Evaluation of Optimal Threshold of Neutrophil-Lymphocyte Ratio and Its Association with Survival Outcomes among Patients with Head and Neck Cancer

Sung Jun Ma, Han Yu, Michael Khan, Jasmin Gill, Sharon Santhosh, Udit Chatterjee, Austin Iovoli, Mark Farrugia, Hemn Mohammadpour, Kimberly Wooten, Vishal Gupta, Ryan McSpadden, Moni A. Kuriakose, Michael R. Markiewicz, Wesley L. Hicks, Mary E. Platek, Mukund Seshadri, Andrew D. Ray, Elizabeth Repasky, Anurag K. Singh

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5 Scopus citations


Importance: Given the role of inflammation in cancer progression, neutrophil-lymphocyte ratio (NLR) from peripheral blood has been suggested as a readout of systemic inflammation and a prognostic marker in several solid malignant neoplasms. However, optimal threshold for NLR in US patients with head and neck cancer remains unclear. Objective: To evaluate the optimal NLR threshold as a potential prognostic biomarker for survival outcomes. Design, Setting, and Participants: This retrospective cohort study was conducted at a single institution. Participants included 496 patients with nonmetastatic head and neck cancer who underwent chemoradiation from April 2007 to March 2021. Statistical analysis was performed from September to December 2021. Exposures: High vs low NLR. Main Outcomes and Measures: Overall survival (OS) and cancer-specific survival (CSS). Results: A total of 496 patients (411 male patients [82.9%]; 432 White patients [87.1%]; 64 patients with other race or ethnicity [12.9%]; median [IQR] age, 61 [55-67] years) were identified. Median (IQR) follow-up was 44.4 (22.8-74.0) months. Thresholds of NLR for both OS and CSS were 5.71. High NLR above 5.71 was associated with worse OS (adjusted hazard ratio [aHR], 1.97; 95% CI, 1.26-3.09; P =.003) and CSS (aHR, 2.33; 95% CI, 1.38-3.95; P =.002). On logistic multivariable analysis, patients were more likely to have high NLR if they had higher T and N staging (T3-4: aOR, 4.07; 95% CI, 1.92-9.16; P <.001; N2: aOR, 2.97; 95% CI, 1.04-9.17; P =.049; N3: aOR, 11.21; 95% CI, 2.84-46.97; P <.001), but less likely if they had a good performance status (Karnofsky Performance Status 90-100: aOR, 0.29; 95% CI, 0.14-0.59; P <.001). Among 331 patients (66.7%) with available human papillomavirus (HPV) data, high NLR was not associated with OS (HPV-negative: aHR, 2.46; 95% CI, 0.96-6.31; P =.06; HPV-positive: aHR, 1.17; 95% CI, 0.38-3.56; P =.78) and CSS (HPV-negative: aHR, 2.55; 95% CI, 0.81-7.99; P =.11; HPV-positive: aHR, 1.45; 95% CI, 0.44-4.76; P =.54). Conclusions and Relevance: High NLR was associated with worse survival. Patients with substantial disease burden and poor performance status were more likely to have high NLR. These findings suggest that further studies would be warranted to investigate the role of such prognostic marker to identify patients at risk to tailor interventions.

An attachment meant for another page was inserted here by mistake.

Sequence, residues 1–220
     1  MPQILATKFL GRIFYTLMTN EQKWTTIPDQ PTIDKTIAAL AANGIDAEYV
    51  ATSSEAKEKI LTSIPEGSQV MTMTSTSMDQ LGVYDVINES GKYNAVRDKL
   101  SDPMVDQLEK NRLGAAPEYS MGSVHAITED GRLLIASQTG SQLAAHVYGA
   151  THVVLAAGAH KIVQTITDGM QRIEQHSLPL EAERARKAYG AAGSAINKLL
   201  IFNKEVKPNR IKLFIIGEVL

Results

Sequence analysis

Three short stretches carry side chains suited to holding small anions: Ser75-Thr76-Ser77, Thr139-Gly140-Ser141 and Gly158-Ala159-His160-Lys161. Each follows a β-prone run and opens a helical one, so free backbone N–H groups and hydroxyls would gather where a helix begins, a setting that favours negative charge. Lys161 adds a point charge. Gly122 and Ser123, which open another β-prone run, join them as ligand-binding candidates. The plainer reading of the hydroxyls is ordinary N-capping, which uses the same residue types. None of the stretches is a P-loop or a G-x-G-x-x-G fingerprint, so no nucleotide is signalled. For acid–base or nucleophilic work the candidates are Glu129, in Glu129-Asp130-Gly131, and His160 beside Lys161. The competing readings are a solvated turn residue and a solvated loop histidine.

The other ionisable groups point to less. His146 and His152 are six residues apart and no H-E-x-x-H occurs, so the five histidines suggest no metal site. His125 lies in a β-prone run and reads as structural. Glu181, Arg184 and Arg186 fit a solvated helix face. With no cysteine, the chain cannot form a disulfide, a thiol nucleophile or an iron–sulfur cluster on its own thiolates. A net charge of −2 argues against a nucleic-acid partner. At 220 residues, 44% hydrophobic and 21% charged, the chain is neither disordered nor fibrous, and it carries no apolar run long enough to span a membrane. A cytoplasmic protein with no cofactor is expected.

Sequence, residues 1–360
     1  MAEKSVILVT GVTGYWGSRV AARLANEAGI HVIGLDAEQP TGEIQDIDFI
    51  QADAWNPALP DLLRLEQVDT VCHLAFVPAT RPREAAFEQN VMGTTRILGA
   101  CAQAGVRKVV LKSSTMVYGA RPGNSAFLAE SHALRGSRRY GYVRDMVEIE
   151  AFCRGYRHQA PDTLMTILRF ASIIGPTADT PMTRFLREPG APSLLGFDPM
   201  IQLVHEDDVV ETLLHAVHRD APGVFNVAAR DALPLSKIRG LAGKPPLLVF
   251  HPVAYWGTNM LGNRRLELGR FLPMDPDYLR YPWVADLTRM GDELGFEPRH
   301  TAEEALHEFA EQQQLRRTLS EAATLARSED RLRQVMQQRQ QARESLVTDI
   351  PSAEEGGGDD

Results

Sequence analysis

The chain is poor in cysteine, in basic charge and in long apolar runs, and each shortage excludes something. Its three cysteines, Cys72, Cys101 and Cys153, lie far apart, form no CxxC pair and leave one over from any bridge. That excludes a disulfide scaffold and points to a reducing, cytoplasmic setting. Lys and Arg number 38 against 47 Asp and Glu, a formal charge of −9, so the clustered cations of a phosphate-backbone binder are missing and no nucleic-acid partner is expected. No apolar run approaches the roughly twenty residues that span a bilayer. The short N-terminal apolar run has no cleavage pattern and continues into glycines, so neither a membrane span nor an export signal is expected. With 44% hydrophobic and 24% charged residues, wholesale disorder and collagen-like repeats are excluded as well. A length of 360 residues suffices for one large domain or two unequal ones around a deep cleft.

Original languageEnglish
Pages (from-to)E227567
JournalJAMA network open
Issue number4
StatePublished - 15 Apr 2022
Externally publishedYes


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